Art After-Hours: Where to Go This First Thursday
Museums are free, galleries stay open late. So many choices...
Summer is almost here and in Pioneer Square there’s a whiff of surrealism in the air. It's time for another First Thursday art walk.
Julie Blackmon: Undertow (New Photographs)
Thru July 13, G. Gibson Gallery
Let’s start at G. Gibson Gallery, where Missouri artist Julie Blackmon shows a new collection of irresistible photographs. What’s not to like about Technicolor fantasies that are part Edward Scissorhands, part Dutch master Jan Steen, with a dose of Salvador Dali —or is it Fellini? The show is called Undertow. Blackmon grew up in a family of nine children (she is the oldest) and now has three of her own. For her, life at home, and all its controlled chaos, is the stuff of art. She says the photographs “move beyond the documentary to explore the fantastic elements of our everyday lives, both imagined and real…” Artist reception June 6, 6–8. Blackmon will give a talk about her work at June 7 at 6:30 at Photo Center Northwest.
Rick Bartow: Origin of Song
June 6–29, Stonington Gallery
At Stonington Gallery, Rick Bartow’s new paintings, wood sculptures and monotypes come together in an exhibition called Origin of Song. His style is expressionistic (he cites Francis Bacon, Odilon Redon, and Marc Chagall as influences) and his images are often human and animal figures, sometimes combined, in otherworldly scenarios. Born in Newport, Oregon, in 1946, Bartow makes art that draws on his Native American heritage as well as his military experience in Vietnam. Bartow was commissioned recently to make two outdoor sculptures for the National Museum of the American Indian in Washington, D.C. The monotypes in Origin of Song were created during his 2013 residency at Crow’s Shadow Institute of the Arts in Oregon.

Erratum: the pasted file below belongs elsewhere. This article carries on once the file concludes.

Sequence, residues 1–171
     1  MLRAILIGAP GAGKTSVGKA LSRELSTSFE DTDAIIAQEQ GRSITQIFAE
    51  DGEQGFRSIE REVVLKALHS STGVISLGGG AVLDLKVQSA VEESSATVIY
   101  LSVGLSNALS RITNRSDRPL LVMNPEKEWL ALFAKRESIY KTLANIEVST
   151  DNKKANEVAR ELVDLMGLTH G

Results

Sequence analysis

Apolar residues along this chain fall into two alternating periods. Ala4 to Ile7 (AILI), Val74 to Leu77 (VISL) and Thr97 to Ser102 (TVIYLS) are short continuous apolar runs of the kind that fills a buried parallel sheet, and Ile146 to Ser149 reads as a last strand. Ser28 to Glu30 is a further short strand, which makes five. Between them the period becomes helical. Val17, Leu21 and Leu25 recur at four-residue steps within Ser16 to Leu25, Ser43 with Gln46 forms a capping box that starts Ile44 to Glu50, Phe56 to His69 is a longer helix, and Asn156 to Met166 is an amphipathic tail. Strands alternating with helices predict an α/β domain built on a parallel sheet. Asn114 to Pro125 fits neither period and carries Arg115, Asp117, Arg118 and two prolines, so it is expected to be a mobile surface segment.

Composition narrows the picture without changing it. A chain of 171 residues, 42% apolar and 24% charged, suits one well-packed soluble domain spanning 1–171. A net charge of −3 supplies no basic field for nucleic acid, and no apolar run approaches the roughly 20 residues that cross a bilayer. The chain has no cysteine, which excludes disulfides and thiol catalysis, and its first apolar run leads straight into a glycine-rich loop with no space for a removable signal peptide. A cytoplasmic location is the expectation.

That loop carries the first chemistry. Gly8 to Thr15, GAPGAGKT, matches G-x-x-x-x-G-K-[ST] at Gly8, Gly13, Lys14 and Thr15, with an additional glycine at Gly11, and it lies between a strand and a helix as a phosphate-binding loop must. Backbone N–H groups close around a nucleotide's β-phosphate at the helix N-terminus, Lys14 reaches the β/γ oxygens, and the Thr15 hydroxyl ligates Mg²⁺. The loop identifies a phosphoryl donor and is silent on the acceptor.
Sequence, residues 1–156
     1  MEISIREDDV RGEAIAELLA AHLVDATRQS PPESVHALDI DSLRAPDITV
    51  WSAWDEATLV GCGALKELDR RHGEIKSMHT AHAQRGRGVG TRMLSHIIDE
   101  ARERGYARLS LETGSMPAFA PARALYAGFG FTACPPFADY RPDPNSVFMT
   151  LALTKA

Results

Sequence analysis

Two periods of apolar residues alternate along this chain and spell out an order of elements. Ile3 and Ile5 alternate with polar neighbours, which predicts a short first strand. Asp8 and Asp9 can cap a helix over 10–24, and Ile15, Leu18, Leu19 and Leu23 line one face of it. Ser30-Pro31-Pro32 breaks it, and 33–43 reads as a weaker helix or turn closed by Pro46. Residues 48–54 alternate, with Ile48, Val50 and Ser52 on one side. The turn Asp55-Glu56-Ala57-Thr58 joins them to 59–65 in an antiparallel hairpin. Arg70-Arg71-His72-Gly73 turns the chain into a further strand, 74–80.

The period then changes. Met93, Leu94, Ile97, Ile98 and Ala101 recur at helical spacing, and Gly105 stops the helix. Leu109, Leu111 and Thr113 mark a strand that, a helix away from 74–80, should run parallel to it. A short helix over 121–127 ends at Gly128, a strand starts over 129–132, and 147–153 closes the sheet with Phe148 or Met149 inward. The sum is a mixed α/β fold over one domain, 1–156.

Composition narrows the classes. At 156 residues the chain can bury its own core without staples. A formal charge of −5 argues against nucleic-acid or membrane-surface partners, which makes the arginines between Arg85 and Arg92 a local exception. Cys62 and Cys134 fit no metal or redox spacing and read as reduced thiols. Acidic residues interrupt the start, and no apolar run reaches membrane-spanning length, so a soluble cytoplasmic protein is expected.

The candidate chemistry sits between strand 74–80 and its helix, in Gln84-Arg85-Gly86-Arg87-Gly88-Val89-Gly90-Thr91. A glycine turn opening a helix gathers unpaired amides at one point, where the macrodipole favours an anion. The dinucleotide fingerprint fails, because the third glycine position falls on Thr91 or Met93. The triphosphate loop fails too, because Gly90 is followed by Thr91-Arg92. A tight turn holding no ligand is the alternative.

Linda Jo Nazarenus: Beyond and Back
June 6–July 1, Lisa Harris Gallery
For Seattle artist Linda Jo Nazarenus’ show of recent oil paintings at Lisa Harris Gallery, Beyond and Back, weather is a main character—a reminder of how tenuous is life on our little planet. With references to Renaissance landscapes and plenty of foreboding, she shows a storm-tossed place with humans removed from the equation. Nazarenus has worked as a scenic painter for Seattle Children’s Theatre, Seattle Opera, and ACT. A number of these paintings look like they could blossom into stage backdrops. Opening reception June 6, 6–8.
Barbara Robertson: Snap!
June 7–29, Davidson Gallery
Snap! A show of Seattle artist Barbara Robertson’s new mixed media prints includes the Wave Series, inspired by sound waves, particularly those of jazz recording from the 1930s and ’40s—the kind of music that makes you snap your fingers. In the early 20th century, Wassily Kandinsky based his groundbreaking abstractions on the idea of synesthesia—essentially that certain colors and sounds vibrate at the same frequency. Robertson follows in his footprints.